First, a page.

Deploying Portlets with the Server API

| | Comments (0)

Portlet developers write code that integrates to the portal with varying depth. Let's not consider the simplest side of the spectrum where a pagelet has no ALUI-specific code and is only a portlet because the portal registered it. Examples of these are the Google Gadgets I previously wrote about.

We'll consider only portlet integrations that use an API to leverage ALUI features. But API, an acronym that stands for Application Programming Interface, needs some disambiguation since ALUI uses it in at least three ways related to portlets.

[1] First, there's the "BEA ALI API Service," a component installed on your ALUI system. Some portlets and other applications send SOAP requests through this service to get information into and out of the portal.

[2] Next is the AquaLogic IDK API. This used to be called the EDK, or just the remote API. A portlet can include the libraries for this API in its bin or lib directory. Such a portlet may run on a network external to the core portal, and can even be hosted by a third-party. These IDK libraries pass information through HTTP headers that only make sense in the request and response context of a portal. Portlets using the IDK can do things like get and set preferences from the portal database. Some IDK callls use the API service for deeper portal interaction such as creating certain types of portal objects. Usually developers require nothing more than the IDK to write their portlets.

A request from the portal to a portlet may include the following headers, which illustrates details available to the IDK:

CSP-Protocol-Version: 1.3
CSP-Can-Set: Gadget-User,User
CSP-Gateway-Specific-Config: PT-User-Name=Administrator,PT-User-ID=1,PT-Stylesheet-URI=,PT-Hostpage-URI=http%u003A%u002F%u002Flocalhost%u002Fportal%u002Fserver%u002Ept%u003Fopen%u003Dspace%u0026name%u003DMyPage%u0026id%u003D9%u0026cached%u003Dtrue%u0026in%u005Fhi%u005Fuserid%u003D1%u0026control%u003DSetPage%u0026PageID%u003D208%u0026,PT-Community-ID=0,PT-Gadget-ID=226,PT-Gateway-Version=2.5,PT-Content-Mode=1,PT-Return-URI=http://localhost/portal/,PT-Imageserver-URI=,PT-User-Charset=UTF-8,PT-SOAP-API-URI=http://bbenac01:11905/ptapi/services/QueryInterfaceAPI,PT-Portal-UUID={bcdd12067bd44a26-10ff664aba20},PT-Class-ID=43,PT-Guest-User=0
CSP-Aggregation-Mode: Multiple
CSP-Global-Gadget-Pref: MaxObjectsToExamine=100

A response might have something like the following, sending a command to the portal about how the portlet should display (a very simple example):

CSP-Display-Mode: Hosted

[3] Finally, we have the core server API. This is the full library of DLLs or JARs that installs on a server that hosts components such as the ALUI Portal, Admin Portal, API Service, or Automation Service. The server API runs the core portal features, and developers use it for their portlets when they require more than what the IDK offers. Such portlets might create and delete users, audit portlet objects, or modify experience definitions.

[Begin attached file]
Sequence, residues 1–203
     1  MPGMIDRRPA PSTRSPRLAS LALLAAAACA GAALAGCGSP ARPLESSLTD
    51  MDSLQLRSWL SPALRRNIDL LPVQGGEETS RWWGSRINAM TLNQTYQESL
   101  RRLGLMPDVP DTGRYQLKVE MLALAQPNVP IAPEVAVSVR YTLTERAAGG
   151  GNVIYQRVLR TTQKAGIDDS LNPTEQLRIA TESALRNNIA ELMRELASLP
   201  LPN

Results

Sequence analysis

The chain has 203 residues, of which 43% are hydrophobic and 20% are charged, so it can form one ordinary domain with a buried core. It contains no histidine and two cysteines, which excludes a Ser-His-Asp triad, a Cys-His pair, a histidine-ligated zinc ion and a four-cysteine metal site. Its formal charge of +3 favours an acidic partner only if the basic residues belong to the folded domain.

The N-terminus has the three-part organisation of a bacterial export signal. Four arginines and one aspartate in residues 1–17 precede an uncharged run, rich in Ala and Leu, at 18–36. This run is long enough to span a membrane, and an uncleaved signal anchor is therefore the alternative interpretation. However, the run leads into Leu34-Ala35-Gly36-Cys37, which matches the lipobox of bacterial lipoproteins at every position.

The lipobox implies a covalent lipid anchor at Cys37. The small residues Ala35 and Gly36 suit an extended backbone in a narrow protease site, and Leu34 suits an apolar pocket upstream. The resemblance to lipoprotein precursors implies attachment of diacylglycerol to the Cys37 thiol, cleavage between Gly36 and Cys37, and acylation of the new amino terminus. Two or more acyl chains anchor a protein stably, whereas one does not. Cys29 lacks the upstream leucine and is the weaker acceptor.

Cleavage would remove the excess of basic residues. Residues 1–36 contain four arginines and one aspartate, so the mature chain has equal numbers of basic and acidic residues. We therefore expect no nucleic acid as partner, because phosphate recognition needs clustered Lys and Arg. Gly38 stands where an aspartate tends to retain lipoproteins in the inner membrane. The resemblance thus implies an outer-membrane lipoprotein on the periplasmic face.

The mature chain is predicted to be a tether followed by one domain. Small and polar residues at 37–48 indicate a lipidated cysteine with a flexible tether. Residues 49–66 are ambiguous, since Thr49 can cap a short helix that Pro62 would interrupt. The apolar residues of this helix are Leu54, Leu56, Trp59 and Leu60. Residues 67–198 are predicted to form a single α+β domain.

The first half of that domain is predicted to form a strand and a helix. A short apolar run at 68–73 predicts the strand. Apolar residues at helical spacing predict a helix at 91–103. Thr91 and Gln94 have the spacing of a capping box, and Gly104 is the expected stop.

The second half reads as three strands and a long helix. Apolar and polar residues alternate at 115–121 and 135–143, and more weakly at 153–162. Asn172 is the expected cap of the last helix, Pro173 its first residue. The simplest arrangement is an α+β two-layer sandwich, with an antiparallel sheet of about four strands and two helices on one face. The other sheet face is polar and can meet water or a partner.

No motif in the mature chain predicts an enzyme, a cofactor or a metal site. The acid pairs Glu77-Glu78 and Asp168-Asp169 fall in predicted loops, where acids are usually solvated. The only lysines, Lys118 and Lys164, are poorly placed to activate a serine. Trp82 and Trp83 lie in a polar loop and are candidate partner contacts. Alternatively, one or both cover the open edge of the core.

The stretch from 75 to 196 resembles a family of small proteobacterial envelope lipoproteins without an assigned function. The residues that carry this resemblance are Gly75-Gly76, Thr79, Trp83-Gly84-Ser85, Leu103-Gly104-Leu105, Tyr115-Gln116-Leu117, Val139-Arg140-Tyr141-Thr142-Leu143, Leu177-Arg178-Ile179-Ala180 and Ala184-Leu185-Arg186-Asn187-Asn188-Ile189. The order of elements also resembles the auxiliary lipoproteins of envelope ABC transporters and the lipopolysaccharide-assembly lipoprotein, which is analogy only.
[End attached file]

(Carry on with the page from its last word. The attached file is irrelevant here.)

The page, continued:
Deploying Server-API Portlets

A portlet or other application that uses the core server API needs can easily be deployed on the same server as an ALUI portal or admin portal server since that box has all the server API libraries. It should work just as well to install the server API portlet on an automation server, but I recently found it didn't. Why not?

It turns out the ALUI installer (that I was testing with) chooses not to drop some important files on the server when you install just the Automation Server component. This is a small annoyance easily overcome. At least on Windows, these are the required steps:

1. Make sure your Automation Server is installed and running properly.
2. Copy plumtree\ptportal\6.0\bin\assemblies from a portal server onto the automation server
3. Edit plumtree\settings\common\serverconfig.xml so that the adonet-license-file-directory value is the path to that assemblies directory.

For your Java portlets that use the server API? There's a good chance that they'll run on an Automation Server without needing any extra steps. The reason is that first, the Automation Server always runs on Java, and it already installs \ptportal\6.1\lib\java, which has the same libraries that the missing assemblies directory has. Second, the serverconfig.xml value for adonet-license-file-directory only applies to ADO connections.

My untested bet is that a machine with just the API service would behave like one with just the Automation Server component. The API service is always in Java.

Deploying Server-API Portlets on a Portlet Server

Some customers want to keep their portlets running on their portlet servers rather than moving them onto the portal server or the automation server. That's a fine idea, and it's accomplished by installing a core component on the portlet server. You can disable the service for that core component, and so essentially, this lets your portlet server run server API portlets without the overhead of that core server component.

Leave a comment